Matchmade Hearts (Valentine’s Day) – Book 2


Lady Philippa is the matchmaker of the castle who likes to throw many festive gatherings and dances. But will Lord Etienne de Beynac, a monk in training, be the most unexpected match of all?


(Available as ebook, paperback and audiobook)







Excerpt of Matchmade Hearts:

The Boar’s Tusk Tavern, 14th Century, France

Downing his twelfth dram of whiskey, Lord Étienne de Beynac slammed the drinking vessel down on the wooden table so hard that the coins that were stacked up between him and the tavern’s new drinking champion toppled over. “I did it!” he announced, licking his lips, looking the brute right in the eyes. “Now, give me my money.”

“Not yet,” growled the large man, motioning with a nod for the tavern maid to refill his cup once again. His big, bald head seemed to swell out in both directions. Or, mayhap, it was only the fact that Étienne could no longer see straight after the amount of alcohol he’d consumed in the past ten minutes. “We’ll go another round.” A group of drunken men that made up the tavern’s usual customers as well as a handful of prostitutes crowded around the table, making it hard for Étienne to breathe.

“Not before we add to the pot,” said Étienne, pulling out another coin from his pouch, sliding it onto the worn table that reeked from old alcohol and spilled leftover pottage. He had the man right where he wanted him. No peasant would be able to match his bet. The man would have to back down.

“That’s a gold crown!” gasped one of the strumpets, leaning over to see it. In doing so, she gave Étienne a full view down her bodice whether she meant to do it or not. Étienne instantly felt randy and decided he’d have a romp with her before he headed back to the castle. He’d often paid for the company of whores during one of his frequent visits to the neighboring taverns.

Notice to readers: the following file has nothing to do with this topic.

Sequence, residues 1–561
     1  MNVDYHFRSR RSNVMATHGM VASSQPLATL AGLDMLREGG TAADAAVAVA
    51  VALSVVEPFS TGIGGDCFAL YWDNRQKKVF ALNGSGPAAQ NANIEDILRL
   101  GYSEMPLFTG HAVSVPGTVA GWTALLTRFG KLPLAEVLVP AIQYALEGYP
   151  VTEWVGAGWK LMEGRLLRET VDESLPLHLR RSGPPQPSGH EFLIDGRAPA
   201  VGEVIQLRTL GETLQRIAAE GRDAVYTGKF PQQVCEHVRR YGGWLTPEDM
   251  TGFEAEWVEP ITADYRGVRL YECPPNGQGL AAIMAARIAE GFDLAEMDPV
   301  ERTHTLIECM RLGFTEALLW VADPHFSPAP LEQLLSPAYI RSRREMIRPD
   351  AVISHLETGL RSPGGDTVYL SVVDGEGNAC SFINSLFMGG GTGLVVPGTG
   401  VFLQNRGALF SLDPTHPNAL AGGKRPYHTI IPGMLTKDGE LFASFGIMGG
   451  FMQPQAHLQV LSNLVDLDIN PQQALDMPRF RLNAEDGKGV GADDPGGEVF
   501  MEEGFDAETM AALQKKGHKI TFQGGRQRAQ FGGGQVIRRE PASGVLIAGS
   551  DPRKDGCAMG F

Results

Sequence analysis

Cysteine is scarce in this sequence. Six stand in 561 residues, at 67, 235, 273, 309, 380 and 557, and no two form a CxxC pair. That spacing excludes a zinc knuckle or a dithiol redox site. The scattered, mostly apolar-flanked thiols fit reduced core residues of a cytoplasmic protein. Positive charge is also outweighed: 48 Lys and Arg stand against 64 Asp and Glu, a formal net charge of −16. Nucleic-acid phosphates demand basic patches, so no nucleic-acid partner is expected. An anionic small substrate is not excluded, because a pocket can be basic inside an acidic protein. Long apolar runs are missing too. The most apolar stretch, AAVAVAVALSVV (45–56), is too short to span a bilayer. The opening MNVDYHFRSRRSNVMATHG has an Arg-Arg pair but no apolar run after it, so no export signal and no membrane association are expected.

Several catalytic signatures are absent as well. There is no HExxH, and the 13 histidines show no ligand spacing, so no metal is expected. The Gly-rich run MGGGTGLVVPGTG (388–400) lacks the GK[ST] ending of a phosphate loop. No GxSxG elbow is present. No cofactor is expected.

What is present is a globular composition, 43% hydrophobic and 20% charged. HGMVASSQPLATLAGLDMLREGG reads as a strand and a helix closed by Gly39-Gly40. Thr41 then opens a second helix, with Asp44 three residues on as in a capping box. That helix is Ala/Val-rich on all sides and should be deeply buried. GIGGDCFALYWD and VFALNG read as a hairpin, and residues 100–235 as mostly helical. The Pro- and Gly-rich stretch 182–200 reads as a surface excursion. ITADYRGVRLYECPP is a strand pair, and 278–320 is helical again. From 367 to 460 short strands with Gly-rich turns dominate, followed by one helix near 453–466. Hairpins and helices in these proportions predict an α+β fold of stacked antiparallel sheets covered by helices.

“Let me see it,” said a young boy, pushing his way through the crowd, leaning his hands on the table. His dirt-streaked face lifted up and his blue eyes opened wide. The poor thing was dressed in naught but rags and he stunk like a street rat. Étienne recognized him as an orphan who often came to beg at the gates of his father’s castle, Chateau de Beynac.

“I don’t have any more money and you know it,” growled the man sitting opposite to him.

“I see.” Étienne held back a belch, tasting the whiskey for a second time as it rose up as bile to burn like fire at the back of his throat. “Then, I suppose there is naught else to do but to collect my winnings and leave.” He reached out to scoop up the coins from the table, but the brute’s hand swiftly moved to his waist belt. He was going for his dagger!

In one quick motion, Étienne drew his sword from under his long cloak and jumped to his feet, knocking over the table in the process. One of the women screamed and the crowd backed away from the impending fight. The coins from the table hit the floor with a loud clinking noise and started to roll in all directions. The patrons bent over to steal as many of them as they could, stuffing them into the pockets of their ragged clothing.